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Acoelomate Bilateral Animals Chapter 14 Bilateria Most animals have bilateral symmetry. The vast majority of animal species belong to the clade Bilateria , which consists of animals with bilateral symmetry and triploblastic development. Bilateral Symmetry

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Acoelomate Bilateral Animals

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  • Most animals have bilateral symmetry.
  • The vast majority of animal species belong to the clade Bilateria, which consists of animals with bilateral symmetry and triploblastic development.
bilateral symmetry
Bilateral Symmetry
  • Radially symmetrical animals have the world coming at them from all directions.
    • They can catch prey coming from any direction.
  • Animals that begin to move about actively seeking food need a different body organization.
    • Distinct head end with sensory structures.
    • Cephalization
bilateral symmetry4
Bilateral Symmetry
  • Animals with bilateral symmetry have a distinct head end and can be divided into right and left halves.
acoelomate bilateral animals5
Acoelomate Bilateral Animals
  • Animals that have no space between their gut and body wall are said to be acoelomate.
  • These animals are also triploblastic – they have three embryonic germ layers.
  • Organ-system level of organization – more division of labor among their organs.
  • Although flatworms undergo triploblastic development, they are acoelomates.
  • These acoelomate phyla are protostomes and have spiral cleavage.
    • Most have determinate cleavage.
  • These are the simplest animals with an excretory system.
  • Acoelomate phyla belong to the superphylum Lophotrochozoa
phylum acoelomorpha
Phylum Acoelomorpha
  • Group contains ~350 species.
  • Members were formerly in Class Turbellaria within phylum Platyhelminthes Small flat worms less than 5 mm in length.
  • Typically live in marine sediments; few are pelagic.
    • Some species live in brackish water.
  • Most symbiotic but some parasitic.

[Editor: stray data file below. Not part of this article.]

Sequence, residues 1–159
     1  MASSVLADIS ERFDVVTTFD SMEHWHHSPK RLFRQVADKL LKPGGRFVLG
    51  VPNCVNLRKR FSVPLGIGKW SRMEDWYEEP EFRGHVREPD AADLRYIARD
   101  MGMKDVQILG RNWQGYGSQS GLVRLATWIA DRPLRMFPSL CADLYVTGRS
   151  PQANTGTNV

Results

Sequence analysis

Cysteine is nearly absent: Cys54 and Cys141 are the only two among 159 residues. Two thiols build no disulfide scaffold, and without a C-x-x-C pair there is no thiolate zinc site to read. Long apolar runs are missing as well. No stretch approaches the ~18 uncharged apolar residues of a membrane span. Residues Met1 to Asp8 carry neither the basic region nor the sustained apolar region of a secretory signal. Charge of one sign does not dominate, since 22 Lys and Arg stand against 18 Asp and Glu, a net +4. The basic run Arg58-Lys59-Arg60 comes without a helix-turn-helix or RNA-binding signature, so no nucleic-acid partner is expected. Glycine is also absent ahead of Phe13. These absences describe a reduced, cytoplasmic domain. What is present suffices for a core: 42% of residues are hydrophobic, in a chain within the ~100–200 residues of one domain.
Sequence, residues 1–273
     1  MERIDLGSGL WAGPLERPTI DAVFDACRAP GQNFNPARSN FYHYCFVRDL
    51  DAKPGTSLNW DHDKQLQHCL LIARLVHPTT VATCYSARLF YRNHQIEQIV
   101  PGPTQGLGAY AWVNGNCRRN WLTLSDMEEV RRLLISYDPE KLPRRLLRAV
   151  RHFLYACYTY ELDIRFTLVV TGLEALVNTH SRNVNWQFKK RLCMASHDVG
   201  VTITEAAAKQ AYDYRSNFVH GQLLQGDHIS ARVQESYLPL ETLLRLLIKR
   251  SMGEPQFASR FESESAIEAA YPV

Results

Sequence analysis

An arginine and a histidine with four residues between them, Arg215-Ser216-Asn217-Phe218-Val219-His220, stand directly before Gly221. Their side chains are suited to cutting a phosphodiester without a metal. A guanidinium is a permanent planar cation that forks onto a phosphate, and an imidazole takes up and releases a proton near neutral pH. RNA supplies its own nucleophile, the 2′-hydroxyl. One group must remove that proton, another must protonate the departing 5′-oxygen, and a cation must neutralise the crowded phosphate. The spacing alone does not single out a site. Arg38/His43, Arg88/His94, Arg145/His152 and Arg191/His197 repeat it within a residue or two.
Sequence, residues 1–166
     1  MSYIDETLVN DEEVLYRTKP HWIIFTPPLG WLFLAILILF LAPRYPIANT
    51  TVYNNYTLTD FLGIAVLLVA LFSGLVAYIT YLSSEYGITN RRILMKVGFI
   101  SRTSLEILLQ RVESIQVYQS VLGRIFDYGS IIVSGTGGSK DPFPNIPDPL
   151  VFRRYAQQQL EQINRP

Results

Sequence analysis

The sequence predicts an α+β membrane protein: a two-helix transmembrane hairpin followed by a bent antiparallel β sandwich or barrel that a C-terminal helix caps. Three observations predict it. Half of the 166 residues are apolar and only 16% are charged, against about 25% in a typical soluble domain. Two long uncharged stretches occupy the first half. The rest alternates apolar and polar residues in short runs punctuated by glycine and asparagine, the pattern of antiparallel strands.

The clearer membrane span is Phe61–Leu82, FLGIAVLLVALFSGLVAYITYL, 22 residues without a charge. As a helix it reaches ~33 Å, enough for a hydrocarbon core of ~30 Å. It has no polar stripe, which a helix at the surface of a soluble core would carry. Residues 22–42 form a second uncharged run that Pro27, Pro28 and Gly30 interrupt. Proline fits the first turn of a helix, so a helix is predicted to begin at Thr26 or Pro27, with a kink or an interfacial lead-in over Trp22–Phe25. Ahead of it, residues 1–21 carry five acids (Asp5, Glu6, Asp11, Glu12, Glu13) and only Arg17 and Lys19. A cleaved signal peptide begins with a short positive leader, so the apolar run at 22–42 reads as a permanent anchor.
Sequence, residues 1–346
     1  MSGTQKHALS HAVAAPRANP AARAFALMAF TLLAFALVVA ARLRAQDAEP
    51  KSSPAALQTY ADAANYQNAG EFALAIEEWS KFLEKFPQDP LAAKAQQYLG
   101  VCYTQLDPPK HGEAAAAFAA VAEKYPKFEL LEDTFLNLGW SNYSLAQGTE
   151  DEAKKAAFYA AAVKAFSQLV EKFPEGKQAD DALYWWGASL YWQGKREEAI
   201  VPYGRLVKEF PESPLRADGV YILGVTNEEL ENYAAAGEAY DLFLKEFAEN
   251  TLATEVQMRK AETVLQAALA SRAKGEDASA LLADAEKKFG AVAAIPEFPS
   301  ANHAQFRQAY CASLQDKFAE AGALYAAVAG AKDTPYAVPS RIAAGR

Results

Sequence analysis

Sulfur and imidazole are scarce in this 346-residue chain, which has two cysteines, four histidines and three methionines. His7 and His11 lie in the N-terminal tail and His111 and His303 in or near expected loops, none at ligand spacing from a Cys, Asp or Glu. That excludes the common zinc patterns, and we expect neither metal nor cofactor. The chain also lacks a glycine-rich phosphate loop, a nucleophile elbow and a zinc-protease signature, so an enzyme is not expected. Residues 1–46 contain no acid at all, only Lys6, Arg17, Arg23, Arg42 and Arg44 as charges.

• Have a cellular ciliated epidermis.
  • Parenchyma layer contains small amount of ECM and circular, longitudinal, and diagonal muscles.
phylum acoelomorpha digestion and nutrition
Phylum Acoelomorpha - Digestion and Nutrition
  • Incomplete digestive system - no anus.
  • In many acoels, the gut and pharynx are absent.
    • Phagocytotic cells digest food intracellularly when food is passed into temporary spaces.
phylum acoelomorpha reproduction
Phylum Acoelomorpha - Reproduction
  • Monoecious
  • Female produces yolk-filled, endolecithal eggs.
  • Following fertilization some or all cleavage events produce a duet-spiral pattern of new cells.
    • May be a defining character for acoelomorphs.
phylum platyhelminthes
Phylum Platyhelminthes
  • Members of phylum Platyhelminthes live in marine, freshwater, and damp terrestrial habitats.
phylum platyhelminthes12
Phylum Platyhelminthes
  • Flatworms are flattened dorsoventrally and have a gastrovascular cavity.
    • Extracellular digestion.
    • Undigested food is egested through the pharynx.
phylum platyhelminthes13
Phylum Platyhelminthes
  • The osmoregulatory system consists of protonephridia (excretory or osmoregulatory organs closed at the inner end) with flame cells.
    • Most metabolic wastes removed by diffusion across the body wall.
phylum platyhelminthes14
Phylum Platyhelminthes
  • The nervous system consists of a ladder-like network of nerves and a bilobed brain.
  • Many have large ocelli – light sensing organs.
phylum platyhelminthes15
Phylum Platyhelminthes
  • Many can reproduce asexually as well as sexually.